All on the same page

Shriya Mohan | Updated on November 02, 2018

Bite big: Visitors book themselves on a food walk to try the hidden gems of Old Delhi anubhav sapra   -  AYAN GHOSH

Social media-based food groups are hosting some exciting culinary adventures

Ayan Ghosh likes to say that his motive was simple when he formed The Calcutta Porkaddicts Facebook page. “One-upmanship,” he explains. He was aware of similar groups such as The Porkaholics and Pork lovers in different parts of the country. “Ours had to be better and bigger than the rest,” says Ghosh, a management consultant.

In November 2016, Ghosh put up his Facebook page calling pork lovers in Kolkata to unite. They would, together, seek pork adventures in a city known for its exotic culinary wonders. “We take our pork very seriously,” says Angona Paul, the erstwhile secretary of the group.


Food groups on social media are hosting some exciting culinary adventures — and there is something for everybody. If some groups cannot have enough of pork, others want to eat and breathe only appams or biryanis. There are groups devoted to vegetarian fare or to street food. And they are all reaching out to like-minded people in and outside the country.

While some groups like to focus on a single kind of cuisine or stay restricted to a location, there are others whose motto is to keep rolling. One of these is Food Talk India, which started out as a Facebook page and today has over 5,00,000 followers across Facebook, Instagram and Twitter. The group offers everything from pop-up experiences, restaurant reviews and recipes, to experiential or immersive outings such as blindfolded dining.

“Social media has definitely brought people closer to each other and helped revive food traditions that are under threat of getting lost,” says Anubhav Sapra, founder of Delhi Food Walks, whose street food tours in Old Delhi and other parts of the city, are a hit with local and international visitors.

Typically, Sapra’s walks are through historic eateries that haven’t changed their recipes in over a century. It all started when he made a Facebook group in 2011.

Sizzle sizzle: Pork being flambeed at The Calcutta Porkaddict's Oktoberfest meet this year   -  Chris Gerber


Today he has 2,82,000 followers. People mostly book a walk on the page or his website and then off they go down the streets for paranthas, kulfis, kababs and samosas, washing it down with lassi or doodh-jalebi in front of the shops and shacks, some as old as the Walled City.

All groups have their own guidelines for the members. For the meals organised by The Calcutta Porkaddicts, all courses have to have pork. The only exception to this can sometimes be the dessert, although the group did once tuck into a pork halwa prepared by one of their Assamese members. The members recently went to a Santhal village, on the outskirts of Santiniketan, where they ate a pig that had been slow-roasted on an open fire in the traditional Santhali style and downed some locally fermented rice beer.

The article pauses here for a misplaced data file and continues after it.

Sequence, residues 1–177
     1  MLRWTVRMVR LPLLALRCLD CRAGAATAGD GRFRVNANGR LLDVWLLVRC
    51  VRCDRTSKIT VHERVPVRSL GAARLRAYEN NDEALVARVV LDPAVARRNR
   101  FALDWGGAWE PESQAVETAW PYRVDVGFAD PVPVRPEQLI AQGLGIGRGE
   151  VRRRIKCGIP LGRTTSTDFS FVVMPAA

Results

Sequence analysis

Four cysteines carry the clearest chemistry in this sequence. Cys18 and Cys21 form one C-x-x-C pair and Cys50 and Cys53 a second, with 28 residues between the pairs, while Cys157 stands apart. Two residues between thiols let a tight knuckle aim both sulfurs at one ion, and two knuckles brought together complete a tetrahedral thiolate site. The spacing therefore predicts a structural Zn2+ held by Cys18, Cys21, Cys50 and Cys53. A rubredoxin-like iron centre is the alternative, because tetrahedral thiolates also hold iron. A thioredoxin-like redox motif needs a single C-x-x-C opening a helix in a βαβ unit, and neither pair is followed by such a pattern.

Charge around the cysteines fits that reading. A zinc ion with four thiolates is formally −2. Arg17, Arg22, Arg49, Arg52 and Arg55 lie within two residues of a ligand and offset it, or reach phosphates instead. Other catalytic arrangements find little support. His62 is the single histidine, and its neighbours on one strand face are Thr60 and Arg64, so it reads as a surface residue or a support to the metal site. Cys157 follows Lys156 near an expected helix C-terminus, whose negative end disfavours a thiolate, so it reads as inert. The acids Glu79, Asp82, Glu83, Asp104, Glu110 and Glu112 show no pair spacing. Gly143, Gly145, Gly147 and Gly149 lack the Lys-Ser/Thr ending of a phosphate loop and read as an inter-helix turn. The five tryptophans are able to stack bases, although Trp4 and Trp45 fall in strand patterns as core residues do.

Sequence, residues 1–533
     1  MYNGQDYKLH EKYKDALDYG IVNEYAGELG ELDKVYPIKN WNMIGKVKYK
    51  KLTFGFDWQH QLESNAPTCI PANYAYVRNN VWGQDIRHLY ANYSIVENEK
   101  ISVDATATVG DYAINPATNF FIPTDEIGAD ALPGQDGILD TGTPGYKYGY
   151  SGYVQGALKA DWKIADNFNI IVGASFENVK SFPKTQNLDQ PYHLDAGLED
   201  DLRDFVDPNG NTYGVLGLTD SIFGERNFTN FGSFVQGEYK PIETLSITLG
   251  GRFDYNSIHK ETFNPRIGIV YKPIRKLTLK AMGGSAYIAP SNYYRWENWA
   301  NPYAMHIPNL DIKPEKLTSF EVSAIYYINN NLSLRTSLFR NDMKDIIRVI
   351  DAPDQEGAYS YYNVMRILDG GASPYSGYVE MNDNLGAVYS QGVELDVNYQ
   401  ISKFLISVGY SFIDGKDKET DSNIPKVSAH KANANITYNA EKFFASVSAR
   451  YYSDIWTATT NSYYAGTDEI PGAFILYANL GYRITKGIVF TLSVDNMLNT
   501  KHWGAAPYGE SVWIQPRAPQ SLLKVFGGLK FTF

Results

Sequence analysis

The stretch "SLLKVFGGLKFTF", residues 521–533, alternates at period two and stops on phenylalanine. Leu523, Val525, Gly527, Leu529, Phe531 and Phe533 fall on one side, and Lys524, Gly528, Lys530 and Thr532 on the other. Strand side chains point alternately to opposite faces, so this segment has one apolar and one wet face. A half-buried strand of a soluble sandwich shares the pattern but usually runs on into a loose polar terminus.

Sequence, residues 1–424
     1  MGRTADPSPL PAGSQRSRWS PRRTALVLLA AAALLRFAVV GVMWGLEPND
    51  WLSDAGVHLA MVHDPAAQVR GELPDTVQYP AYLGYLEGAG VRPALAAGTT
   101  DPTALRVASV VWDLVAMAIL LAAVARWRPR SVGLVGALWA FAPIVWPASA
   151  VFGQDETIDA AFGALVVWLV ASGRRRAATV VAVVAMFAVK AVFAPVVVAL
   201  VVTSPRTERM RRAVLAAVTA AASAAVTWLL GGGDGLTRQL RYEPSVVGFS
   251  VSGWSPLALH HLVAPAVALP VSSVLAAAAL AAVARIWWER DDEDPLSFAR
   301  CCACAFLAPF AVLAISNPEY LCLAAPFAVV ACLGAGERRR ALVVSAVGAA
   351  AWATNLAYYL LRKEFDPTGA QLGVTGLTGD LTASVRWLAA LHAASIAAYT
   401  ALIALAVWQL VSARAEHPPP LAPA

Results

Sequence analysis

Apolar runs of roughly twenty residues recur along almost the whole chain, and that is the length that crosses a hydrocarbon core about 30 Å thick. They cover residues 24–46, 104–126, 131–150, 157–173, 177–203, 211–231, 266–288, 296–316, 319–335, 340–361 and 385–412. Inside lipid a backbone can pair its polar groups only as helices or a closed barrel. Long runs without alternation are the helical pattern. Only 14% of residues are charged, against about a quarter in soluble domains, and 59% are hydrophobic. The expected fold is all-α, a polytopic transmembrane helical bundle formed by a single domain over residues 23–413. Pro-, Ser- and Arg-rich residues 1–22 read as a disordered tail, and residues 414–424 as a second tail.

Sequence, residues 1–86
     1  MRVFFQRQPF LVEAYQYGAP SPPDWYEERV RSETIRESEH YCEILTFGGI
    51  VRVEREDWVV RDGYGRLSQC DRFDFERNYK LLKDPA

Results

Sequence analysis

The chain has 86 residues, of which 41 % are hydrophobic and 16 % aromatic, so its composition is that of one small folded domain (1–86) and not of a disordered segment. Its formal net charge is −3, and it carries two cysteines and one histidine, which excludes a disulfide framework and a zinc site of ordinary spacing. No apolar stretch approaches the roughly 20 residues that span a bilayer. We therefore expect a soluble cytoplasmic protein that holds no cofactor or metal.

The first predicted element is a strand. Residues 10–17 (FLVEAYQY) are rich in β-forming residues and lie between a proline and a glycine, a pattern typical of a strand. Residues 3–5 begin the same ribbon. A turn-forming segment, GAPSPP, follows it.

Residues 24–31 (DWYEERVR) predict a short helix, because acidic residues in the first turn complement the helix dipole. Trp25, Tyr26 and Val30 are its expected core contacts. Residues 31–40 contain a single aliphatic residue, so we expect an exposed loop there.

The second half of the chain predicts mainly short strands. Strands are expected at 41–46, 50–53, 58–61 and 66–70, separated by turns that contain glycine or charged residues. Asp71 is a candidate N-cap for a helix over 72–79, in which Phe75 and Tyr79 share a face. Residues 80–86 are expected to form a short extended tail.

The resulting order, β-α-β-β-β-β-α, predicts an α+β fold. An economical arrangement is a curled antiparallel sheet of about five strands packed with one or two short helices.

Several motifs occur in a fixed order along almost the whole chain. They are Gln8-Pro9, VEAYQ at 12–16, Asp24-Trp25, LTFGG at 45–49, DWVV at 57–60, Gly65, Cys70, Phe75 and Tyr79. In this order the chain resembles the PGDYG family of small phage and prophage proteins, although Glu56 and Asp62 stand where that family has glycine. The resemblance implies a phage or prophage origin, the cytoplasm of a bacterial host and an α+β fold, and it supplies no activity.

Groups have their own rate cards, too. PorkAddicts’ events usually cost between ₹500 and ₹2,000. Some of Sapra’s guided food walks are for free — people only need to get their own bill at the eatery they choose to munch at.

But the food groups do more than just talk about and eat food. Sometimes they evolve new methods of cooking. B Ramakrishnan, the Chennai-based founder and admin of the popular Facebook group United by Food, claims a patent on a cooking style that he terms One Pot One Shot (OPOS). As the name suggests, you use a pot, usually a 2-litre pressure cooker, a spatula and basic ingredients to try out different recipes by just layering ingredients in exact measurements and pressure-cooking them. Once the team even suggested the OPOS method for the ghee-laden Mysore Pak. The group has a South Indian focus, and under the tutelage of Ramki, as he is popularly called, is known for arriving at standardised ways to make the perfect venn pongal (rice-and-moong dal mash) or mezhukkupuratti (stir-fried veggies). OPOS, its advocates believe, has given mothers with toddlers, busy bachelors and others an easy way to prepare food. A chicken biryani, they say, can be prepared in 6 minutes, and mutton biryani in 12 minutes.

Food adventures: The Calcutta Porkaddicts’ expedition to Santiniketan involved eating a slow-roasted pig   -  AYAN GHOSH


Some Facebook groups are simply about having fun. The Indian Food Freak, with over 20,000 followers, is primarily a restaurant review website. The group also organises food walks where members meet other “food freaks”, eat at some of the best outlets and go Dutch on the bill. Eatlo is a Delhi-based group with over 50,000 members, who share resources and recipes and plan outings once a month.

Instagram is another Mecca for food bloggers. Take 20-year-old food instagrammer Shivesh Bhatia. A self-taught baker, food blogger and author, he has some 1,26,000 followers who devour his recipes of mulberry cakes, plum and lavender tarts, lemon macaroons, yoghurt popsicles, mocha mousse and the works. Foodies also swear by California-based Meera Nalavadi, whose trademark recipes are global dishes with an Indian touch (think almond kheer with summer berries).

“There is no bonding like bonding over food. We get super-excited. When we plan where the next food adventure should be, eyes start twinkling, mouths start salivating,” says Paul. And, clearly, the “likes” pour in.

Published on November 02, 2018

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